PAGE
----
Over the past two decades, Chicago sentinels, Russian Circles, have been one of the constants in the new music sphere.
The second wave of post-metal if you will, Russian Circles have built up a feverish cult following over the years on the back of landmark records Station and Enter. And not only have they proven influential in the alternative metal pantheon, but to those beyond, too.
Spearheaded by guitarist Mike Sullivan, bassist Brian Cook and drummer Dave Turncrantz, in many ways Russian Circles could be considered a band not born for these times. A band that has carved out the sort of aesthetic that requires time and patience, trying to untangle Russian Circles’ knotty krautrock and drone-inspired compositions can sometimes be a mission. And during a time where the disposability of art is on a constant ascent, the cynic may suggest that it’s a surprise that Russian Circles continue to receive the acclaim they do in this current climate.
However, like all bands with cult followings, Russian Circles’ audience has neither wavered nor succumbed to any trends, and with enough credits in the bank from their decorated past, Russian Circles have always garnered a warm reception when new music is on the horizon.
Which brings us to Gnosis. A monolithic slab of bass-heavy euphoria, Gnosis sees Russian Circles reaffirming their position as one of most reliable purveyors and steady hands in this space.
With the necessary fairy dust sprinkled by go-to producer, Kurt Ballou, Gnosis is a ride. Groove-heavy with thundering riffs and mysterious emotional force, Russian Circles have captured all of their finest facets this time around.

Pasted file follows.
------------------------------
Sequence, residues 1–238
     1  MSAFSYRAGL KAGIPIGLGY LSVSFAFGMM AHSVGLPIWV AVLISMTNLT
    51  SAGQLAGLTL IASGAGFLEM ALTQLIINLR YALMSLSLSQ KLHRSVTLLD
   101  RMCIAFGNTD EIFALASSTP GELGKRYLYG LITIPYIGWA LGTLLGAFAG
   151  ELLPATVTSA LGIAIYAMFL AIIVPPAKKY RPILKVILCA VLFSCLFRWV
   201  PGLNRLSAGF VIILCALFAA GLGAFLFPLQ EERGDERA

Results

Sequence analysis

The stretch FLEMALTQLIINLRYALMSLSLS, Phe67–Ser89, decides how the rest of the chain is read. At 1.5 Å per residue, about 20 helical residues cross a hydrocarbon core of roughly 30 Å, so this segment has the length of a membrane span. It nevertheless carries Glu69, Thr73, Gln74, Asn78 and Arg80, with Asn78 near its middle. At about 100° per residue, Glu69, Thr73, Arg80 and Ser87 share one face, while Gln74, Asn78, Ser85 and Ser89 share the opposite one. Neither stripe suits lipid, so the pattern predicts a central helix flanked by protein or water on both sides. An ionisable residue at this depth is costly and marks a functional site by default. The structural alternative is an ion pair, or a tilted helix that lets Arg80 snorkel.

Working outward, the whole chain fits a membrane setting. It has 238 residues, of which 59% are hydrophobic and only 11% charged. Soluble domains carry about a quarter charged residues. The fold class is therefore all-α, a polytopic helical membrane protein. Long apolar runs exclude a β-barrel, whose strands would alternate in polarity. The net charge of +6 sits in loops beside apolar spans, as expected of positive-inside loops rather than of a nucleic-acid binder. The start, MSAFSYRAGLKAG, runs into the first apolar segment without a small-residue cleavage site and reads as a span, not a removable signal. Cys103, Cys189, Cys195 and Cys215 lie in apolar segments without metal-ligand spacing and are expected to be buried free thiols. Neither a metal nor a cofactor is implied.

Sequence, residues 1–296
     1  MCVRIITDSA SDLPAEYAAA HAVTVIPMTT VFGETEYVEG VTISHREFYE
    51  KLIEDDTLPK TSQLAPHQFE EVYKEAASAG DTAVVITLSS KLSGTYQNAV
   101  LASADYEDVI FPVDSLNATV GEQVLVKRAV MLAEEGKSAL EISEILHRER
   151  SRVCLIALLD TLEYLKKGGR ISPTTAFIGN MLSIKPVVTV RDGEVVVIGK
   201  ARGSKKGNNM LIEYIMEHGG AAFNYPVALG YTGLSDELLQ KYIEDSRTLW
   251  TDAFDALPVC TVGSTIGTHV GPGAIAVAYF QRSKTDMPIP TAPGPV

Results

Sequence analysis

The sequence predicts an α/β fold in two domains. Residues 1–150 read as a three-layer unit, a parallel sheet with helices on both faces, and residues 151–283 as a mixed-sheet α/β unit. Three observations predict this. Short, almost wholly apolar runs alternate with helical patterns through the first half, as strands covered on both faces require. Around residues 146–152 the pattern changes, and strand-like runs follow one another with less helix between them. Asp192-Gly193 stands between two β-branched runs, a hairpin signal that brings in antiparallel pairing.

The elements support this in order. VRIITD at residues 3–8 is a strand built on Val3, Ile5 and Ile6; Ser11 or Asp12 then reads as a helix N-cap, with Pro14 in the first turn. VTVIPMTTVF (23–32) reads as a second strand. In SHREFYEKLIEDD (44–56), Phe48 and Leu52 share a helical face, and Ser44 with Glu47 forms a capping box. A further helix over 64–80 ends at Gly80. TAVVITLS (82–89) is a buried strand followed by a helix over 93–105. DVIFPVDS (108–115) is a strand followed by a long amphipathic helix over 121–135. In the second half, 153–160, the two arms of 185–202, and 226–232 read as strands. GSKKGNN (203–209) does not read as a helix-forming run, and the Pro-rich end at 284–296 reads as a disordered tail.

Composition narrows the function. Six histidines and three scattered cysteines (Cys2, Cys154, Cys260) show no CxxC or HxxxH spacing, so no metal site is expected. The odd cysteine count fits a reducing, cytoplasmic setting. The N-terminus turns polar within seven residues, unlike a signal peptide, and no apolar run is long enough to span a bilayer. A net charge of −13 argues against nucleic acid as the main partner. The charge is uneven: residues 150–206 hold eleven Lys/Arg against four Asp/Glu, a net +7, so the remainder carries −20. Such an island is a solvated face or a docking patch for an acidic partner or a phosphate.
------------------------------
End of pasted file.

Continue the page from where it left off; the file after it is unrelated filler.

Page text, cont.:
Starting with Cook’s opening bass rumble of Tupilak – a track splintered with raw angst and fierce brawn. Ballaou’s down-in-the-basement-like recordings capture a sweltering intensity, as Tupilak unfurls with Sullivan’s blur of guitar flange and Turncrantz’s dynamic percussive blasts.
Then there’s Conduit. A primal roar from hell, Russian Circles haven’t sounded so invigorated, revelling in the kind of darkness from the days of Station.
With the title track, Russian Circles get moody, with buckling grooves and cinderblock bass weight, and alongside the hard-edged Vlastimil and the hurricane of sound that is Betrayal, the band push the envelope with moments that stand as their heaviest yet.
A sharp U-turn sees the band abandoning the fire-and-brimstone on Bloom. With a gorgeous nightscape chime that weighs heavy with emotion, Bloom is a stunning end to an album that is up there as Russian Circles’ finest. Most certainly their best since 2011’s Empros, and for a band this far down the road, with Gnosis they’ve provided one of the great surprises of 2022.
One of the hardest working acts around, Gnosis marks a celebration of a band truly rejuvenated.
Gnosis is out tomorrow via Sargent House. Purchase from Bandcamp.